We’re driving prototypes, but production versions of a sort do already exist. Chairman Bill Ford gave the green light to the GT after the strong reaction to the GT40 concept car at the 2002 Detroit Show, with the proviso that some production-ready cars would be available for the company’s centenary celebrations in June 2003. Ford special vehicles guru John Coletti assembled a hand-picked group of design and development engineers in May 2002, and put them to work.

Having running mules that are this well sorted in just 12 months is virtually unheard of in a company like Ford. But here’s the most impressive bit: assembly of the first three early production GTs began on March 10, and the first one drove onto the stage in Dearborn on June 14 for the company’s birthday party. They look like the rearmost of the two red and white cars over the page.

Back to our prototypes. The unpainted black car, a plastic body over a tube frame that’s showing off some aluminum extrusions, is the first of three at our disposal (and one of nine built). It’s the one Jamie Cullen, the steering and braking engineer, uses to show how quick, precise and linear the steering is and how powerful and balanced the brakes are. If the production cars are like the black mule, a 60-0mph stopping distance of around 30 metres should be a snap.

The black car is the first of two GTs we drive, and we’re amazed at how light and progressive the clutch is in both cars. The red and white car, painted like the ’67 Le Mans winner, with the decals of Carroll Shelby’s Terlingua race team, is the one ride and handling engineer Jeff Walsh uses to show us how he’s tweaking the chassis. The car painted in blue and orange Gulf Oil colours is a noise/vibration/harshness mule.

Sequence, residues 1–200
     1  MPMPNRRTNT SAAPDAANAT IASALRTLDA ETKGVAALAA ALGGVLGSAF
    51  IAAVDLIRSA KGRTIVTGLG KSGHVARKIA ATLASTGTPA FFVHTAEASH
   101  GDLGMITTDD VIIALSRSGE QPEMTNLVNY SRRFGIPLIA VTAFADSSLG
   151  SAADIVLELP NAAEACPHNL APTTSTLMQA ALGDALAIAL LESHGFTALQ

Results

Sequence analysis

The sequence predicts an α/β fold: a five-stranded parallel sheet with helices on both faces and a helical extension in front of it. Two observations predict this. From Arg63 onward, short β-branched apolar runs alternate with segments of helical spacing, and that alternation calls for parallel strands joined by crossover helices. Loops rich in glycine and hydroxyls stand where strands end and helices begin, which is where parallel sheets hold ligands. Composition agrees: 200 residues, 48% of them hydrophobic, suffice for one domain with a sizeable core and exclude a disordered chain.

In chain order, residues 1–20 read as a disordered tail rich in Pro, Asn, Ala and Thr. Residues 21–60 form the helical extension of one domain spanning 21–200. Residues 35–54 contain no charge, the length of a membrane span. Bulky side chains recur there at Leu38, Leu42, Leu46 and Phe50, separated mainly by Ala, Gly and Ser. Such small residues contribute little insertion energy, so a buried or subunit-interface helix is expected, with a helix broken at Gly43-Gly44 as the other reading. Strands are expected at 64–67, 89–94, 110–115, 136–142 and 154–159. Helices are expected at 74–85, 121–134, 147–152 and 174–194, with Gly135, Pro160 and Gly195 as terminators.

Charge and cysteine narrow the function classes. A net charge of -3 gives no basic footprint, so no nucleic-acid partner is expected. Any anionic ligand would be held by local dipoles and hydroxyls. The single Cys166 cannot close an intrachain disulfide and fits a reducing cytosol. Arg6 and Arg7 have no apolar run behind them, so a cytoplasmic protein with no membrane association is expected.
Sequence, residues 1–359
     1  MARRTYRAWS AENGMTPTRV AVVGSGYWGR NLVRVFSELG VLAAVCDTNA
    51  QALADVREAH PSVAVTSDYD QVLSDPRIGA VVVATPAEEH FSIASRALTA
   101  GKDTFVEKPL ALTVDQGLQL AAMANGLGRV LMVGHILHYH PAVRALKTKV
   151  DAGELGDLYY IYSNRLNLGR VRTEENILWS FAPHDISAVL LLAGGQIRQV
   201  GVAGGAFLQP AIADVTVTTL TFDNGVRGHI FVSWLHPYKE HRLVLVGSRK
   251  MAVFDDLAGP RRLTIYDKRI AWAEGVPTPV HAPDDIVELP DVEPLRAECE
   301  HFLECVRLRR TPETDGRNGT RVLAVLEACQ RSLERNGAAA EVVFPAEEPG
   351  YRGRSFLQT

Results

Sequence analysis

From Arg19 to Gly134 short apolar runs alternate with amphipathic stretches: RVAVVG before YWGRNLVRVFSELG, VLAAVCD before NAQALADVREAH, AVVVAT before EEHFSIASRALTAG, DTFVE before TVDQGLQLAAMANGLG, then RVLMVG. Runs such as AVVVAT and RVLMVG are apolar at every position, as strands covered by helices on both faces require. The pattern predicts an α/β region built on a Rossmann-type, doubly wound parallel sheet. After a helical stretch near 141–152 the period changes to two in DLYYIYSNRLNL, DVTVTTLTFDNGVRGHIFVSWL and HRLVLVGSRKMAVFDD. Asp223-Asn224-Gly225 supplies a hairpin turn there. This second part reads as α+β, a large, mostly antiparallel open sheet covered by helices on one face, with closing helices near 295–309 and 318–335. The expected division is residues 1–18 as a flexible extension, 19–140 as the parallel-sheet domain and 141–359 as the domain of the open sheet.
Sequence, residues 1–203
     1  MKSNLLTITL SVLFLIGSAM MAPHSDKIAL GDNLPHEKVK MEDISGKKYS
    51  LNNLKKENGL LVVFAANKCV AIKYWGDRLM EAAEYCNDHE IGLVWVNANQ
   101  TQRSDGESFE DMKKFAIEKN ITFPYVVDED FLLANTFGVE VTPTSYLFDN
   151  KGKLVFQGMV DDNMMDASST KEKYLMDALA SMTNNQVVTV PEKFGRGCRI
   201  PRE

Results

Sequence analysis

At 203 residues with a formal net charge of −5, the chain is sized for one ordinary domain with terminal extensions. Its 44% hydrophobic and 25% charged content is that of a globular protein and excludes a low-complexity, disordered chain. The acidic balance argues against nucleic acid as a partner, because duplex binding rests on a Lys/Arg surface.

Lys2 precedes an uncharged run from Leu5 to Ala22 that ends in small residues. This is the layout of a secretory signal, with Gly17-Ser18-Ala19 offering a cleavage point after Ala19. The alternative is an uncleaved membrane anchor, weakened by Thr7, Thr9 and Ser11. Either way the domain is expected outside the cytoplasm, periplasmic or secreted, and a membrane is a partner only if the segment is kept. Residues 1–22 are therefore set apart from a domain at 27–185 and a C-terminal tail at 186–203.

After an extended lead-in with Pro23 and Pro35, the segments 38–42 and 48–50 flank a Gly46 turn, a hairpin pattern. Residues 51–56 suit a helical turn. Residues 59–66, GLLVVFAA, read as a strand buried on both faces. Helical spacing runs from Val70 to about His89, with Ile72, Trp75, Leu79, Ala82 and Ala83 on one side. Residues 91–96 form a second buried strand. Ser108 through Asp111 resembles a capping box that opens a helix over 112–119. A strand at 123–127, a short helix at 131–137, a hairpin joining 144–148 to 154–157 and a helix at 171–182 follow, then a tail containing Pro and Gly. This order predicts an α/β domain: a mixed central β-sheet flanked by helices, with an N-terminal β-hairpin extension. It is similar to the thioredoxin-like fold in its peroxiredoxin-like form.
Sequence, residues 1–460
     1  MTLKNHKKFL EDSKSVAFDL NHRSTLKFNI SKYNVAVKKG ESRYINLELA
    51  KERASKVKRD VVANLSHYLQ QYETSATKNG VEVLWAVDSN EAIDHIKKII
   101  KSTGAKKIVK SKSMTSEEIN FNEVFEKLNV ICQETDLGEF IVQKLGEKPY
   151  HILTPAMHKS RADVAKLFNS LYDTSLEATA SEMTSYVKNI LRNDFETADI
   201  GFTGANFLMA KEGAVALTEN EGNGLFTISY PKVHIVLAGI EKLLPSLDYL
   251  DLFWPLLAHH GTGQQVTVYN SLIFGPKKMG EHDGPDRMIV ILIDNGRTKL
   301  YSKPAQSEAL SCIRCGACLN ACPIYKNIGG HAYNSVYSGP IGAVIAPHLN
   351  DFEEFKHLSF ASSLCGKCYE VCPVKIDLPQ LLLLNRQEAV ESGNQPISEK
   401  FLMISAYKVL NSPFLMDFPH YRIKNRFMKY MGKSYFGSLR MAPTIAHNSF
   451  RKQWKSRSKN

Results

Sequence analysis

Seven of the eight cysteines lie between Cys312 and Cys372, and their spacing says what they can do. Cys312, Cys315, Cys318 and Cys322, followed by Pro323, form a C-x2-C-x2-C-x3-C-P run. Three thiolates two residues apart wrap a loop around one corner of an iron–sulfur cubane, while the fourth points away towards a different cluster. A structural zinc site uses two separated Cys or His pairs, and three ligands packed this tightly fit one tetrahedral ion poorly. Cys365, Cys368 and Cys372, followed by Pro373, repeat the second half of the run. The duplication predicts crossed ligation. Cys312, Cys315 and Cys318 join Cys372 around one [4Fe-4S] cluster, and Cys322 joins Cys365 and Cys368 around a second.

Walsh, who worked for Lotus on the Elise, changes the dampers and anti-roll bars, twice, to show us what some tweaking can do. On the first set-up, there’s a bit of pivot in left-right-left transitions. Harmless oversteer is most noticeable at light throttle, just a slight step-out that you catch with a quick flick of the wheel. It’s no neck-snapper — but it’s waiting for another 100bhp, remember.

After Walsh’s first suspension set-up change, the car has more roll and understeer. The anti-roll bars are bigger, but there’s less damping. The first set-up was already comfortable for a sports car on bumpy pavement, so this is less satisfying. But Walsh’s third set-up is a charm. It’s running stiffer damping, but less anti-roll bar, than in the earlier set-ups. Turn-in feels sharper, with minimal understeer and roll, and there’s enough compliance to keep it connected yet not uncomfortable on rough roads. With instant feedback, our confidence level grows, and we feel like we’re lapping quicker than ever, despite the steady rainfall. Walsh nods in agreement when we tell him this. It is, of course, the set-up he’s favoured all along.

So how far away from the real thing are these cars? ‘The production chassis will be stiffer and a lot lighter,’ says Hannemann. The finished cars will also have an air intake on the B-pillar and double glazing separating driver from engine. The Sparco carbonfibre racing seat is close to the production version; the rest of the interior on these early mules is strictly business. The production GT’s exterior will be almost identical to the coolly reverent concept shaped by Camilo Pardo, ironically one of Ford’s most iconoclastic designers.

And it’s that shape that really counts. When he saw the concept for the first time at the 2002 Paris Show, designer Marc Newson’s first question was whether Ford was really going to build it. ‘It looks the business,’ said Newson, who owns a DB4 Aston and a Lamborghini Miura, when told development work had started on the production version. ‘I’d actually buy one.’